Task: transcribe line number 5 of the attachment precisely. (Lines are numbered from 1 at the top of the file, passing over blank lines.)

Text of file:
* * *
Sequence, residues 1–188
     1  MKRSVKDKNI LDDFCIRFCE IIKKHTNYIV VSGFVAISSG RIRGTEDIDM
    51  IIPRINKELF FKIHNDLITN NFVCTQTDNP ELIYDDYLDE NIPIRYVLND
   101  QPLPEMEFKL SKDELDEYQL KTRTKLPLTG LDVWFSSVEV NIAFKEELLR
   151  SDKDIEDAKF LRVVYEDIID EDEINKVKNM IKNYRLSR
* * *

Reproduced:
   151  SDKDIEDAKF LRVVYEDIID EDEINKVKNM IKNYRLSR